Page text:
The Media Project is a network of mainstream journalists who are Christians pursuing accurate and intellectually honest reporting on all aspects of culture, particularly the role of religion in public life in all corners of the world. It welcomes friends from other faiths to such discussions and training.

Honduran journalists fear more killings

Honduran journalists fear more killings

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Government foot dragging and a culture of impunity have derailed investigations into the murders of seven journalists in Honduras, according to a July 27 report by the Committee to Protect Journalists (CPJ). The killings, which spanned a period from mid-March to mid-June, shocked Hondurans accustomed to waves of violent crime that worsened after the coup in June 2009. Honduras now has the highest murder rate in Central America, the vast majority of which are never solved.

Despite the unusual deaths of media professionals, Honduras' Minister of Security Óscar Álvarez quickly dismissed them as random street crimes, a claim that dismayed CPJ investigator Mike O'Connor.

"That he made such a broad, conclusive assertion so soon after the killings and without citing evidence raised alarm among journalists that the government was not acting in good faith," O'Connor wrote.

"[Our] investigation has found evidence that the victims in at least three cases were slain in relation to journalism, and that work-related motives could have played roles in the others", O'Connor continued.

All of the murdered journalists were from domestic radio and television stations and included locally famous faces such as Nahúm Palacios Arteaga, an anchor for Channel 5, killed on March 14, 2010.

The murdered journalists had a history of confronting powerful landholders and exposing corruption among police. It appears that David Meza, killed on March 11, simply went too far in his popular daily reports on police corruption and abuse in the town of La Ceiba.

"The police can’t stand to be humiliated, not that way," Meza's mentor Abrahám Mejia told CPJ. "So they had to react.”

On March 1, 2010, 25-year-old reporter Joseph Hernández Ochoa was shot dead while riding in a car with Karol Cabrera, one of the country's most polarizing journalists.

Cabrera's critics have denounced her as divisive and an instigator of attacks against opponents of the new government.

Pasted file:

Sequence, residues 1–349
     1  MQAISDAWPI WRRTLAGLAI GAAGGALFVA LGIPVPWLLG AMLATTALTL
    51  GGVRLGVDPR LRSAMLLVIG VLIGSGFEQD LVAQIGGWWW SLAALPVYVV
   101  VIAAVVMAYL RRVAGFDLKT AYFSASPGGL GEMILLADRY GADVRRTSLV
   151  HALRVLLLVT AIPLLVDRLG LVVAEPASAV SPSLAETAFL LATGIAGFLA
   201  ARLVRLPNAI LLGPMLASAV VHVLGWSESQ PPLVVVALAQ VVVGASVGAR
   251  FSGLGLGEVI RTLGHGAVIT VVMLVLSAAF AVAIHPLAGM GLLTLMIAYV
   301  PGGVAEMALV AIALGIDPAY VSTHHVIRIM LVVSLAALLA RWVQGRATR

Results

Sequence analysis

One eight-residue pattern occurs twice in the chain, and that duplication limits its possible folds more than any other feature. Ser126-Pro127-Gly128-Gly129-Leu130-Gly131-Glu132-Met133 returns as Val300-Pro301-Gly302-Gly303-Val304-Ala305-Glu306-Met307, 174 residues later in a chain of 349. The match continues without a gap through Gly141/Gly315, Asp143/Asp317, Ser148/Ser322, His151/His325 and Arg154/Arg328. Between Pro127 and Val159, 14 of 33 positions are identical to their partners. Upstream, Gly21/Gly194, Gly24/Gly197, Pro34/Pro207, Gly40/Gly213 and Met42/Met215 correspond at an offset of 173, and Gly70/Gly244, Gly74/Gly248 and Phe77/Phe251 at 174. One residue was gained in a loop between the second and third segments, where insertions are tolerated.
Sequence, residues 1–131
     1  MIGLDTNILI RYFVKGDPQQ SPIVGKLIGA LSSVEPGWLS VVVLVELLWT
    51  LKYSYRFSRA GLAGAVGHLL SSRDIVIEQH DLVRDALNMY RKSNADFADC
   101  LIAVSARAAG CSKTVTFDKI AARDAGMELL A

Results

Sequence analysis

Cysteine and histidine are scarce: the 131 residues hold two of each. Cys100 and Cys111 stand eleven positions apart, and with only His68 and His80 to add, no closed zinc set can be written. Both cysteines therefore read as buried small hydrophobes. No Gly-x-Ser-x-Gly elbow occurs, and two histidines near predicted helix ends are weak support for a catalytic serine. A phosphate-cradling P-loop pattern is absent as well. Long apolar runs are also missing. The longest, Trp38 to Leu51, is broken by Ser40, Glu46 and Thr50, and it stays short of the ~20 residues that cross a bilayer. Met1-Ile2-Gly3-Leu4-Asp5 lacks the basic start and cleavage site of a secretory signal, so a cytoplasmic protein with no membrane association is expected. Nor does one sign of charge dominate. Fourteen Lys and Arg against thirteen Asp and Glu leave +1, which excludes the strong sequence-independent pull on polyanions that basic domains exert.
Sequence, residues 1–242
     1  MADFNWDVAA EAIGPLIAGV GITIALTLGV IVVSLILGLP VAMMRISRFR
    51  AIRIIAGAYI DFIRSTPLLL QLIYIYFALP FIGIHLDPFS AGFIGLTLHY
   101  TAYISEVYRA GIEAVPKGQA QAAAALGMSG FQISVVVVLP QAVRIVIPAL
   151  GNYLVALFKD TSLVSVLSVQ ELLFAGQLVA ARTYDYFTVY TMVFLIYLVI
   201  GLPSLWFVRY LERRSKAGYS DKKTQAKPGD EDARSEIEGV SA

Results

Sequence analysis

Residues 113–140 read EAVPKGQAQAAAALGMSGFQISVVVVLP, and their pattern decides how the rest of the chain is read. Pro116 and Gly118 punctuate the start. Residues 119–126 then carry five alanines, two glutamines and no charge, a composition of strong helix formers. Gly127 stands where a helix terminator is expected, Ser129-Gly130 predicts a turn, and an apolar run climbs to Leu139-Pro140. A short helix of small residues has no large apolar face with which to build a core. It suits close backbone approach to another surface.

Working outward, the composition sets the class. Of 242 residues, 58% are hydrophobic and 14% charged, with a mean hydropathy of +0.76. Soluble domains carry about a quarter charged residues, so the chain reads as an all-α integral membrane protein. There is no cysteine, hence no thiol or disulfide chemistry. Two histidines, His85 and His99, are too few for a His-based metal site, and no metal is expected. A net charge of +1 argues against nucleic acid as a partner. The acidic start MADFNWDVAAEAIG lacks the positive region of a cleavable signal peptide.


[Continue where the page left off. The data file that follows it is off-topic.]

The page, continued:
Cabrera told CPJ she was the target of the attack, not the unknown Hernández, due to her commitment to the truth and to investigative journalism.

Cabrera's work has been personally costly. In December of 2009, Cabrera's pregnant teenage daughter was ambushed and killed on the very same road, at a time Karol herself was under police protection.

The report stopped short of accusing the government of complicity in the murders or conspiring to cover up the circumstances of the deaths. But the report blamed the pervasive lawlessness and political instability that has allowed powerful narcotics gangs and criminals to push state authority to the margins and to neuter attempts to arrest the guilty.

The impotence or unwillingness of government to solve the murders eats away at journalists who no longer believe they are safe to continue their work.

“You get the impression that the government wants you in terror so you don’t know what to report. Is this story about drugs too dangerous? What about this one about political corruption? At the end you don’t report anything that will make powerful people uncomfortable,” Tiempo's senior editor Geovany Domínguez told CPJ.

The murders of journalists are set against kidnappings, arbitrary detentions and illegal searches aimed at opponents of the coup, the Inter-American Commission on Human Rights reported last month. The new president of Honduras Porfirio Lobo has come under pressure from the United States and the Organization of American States (OAS) to improve the country's human-rights record.

CPJ called on President Lobo to immediately fix his government's failures and assign independent well-trained investigators in the press-violence cases. Lobo must meet his obligation to the OAS and enforce orders of protection for journalists and other social critics if Honduras is to be a respected international player, O'Connor said.

"Impunity doesn’t give the orders to kill...but impunity ensures that a gunman will always feel safe, that a mastermind will never have to worry," the report concluded.

"Only a long-term commitment by top government officials, in tone, tactics, and resources, will end the climate of impunity. It can be done, and it needs to start now."

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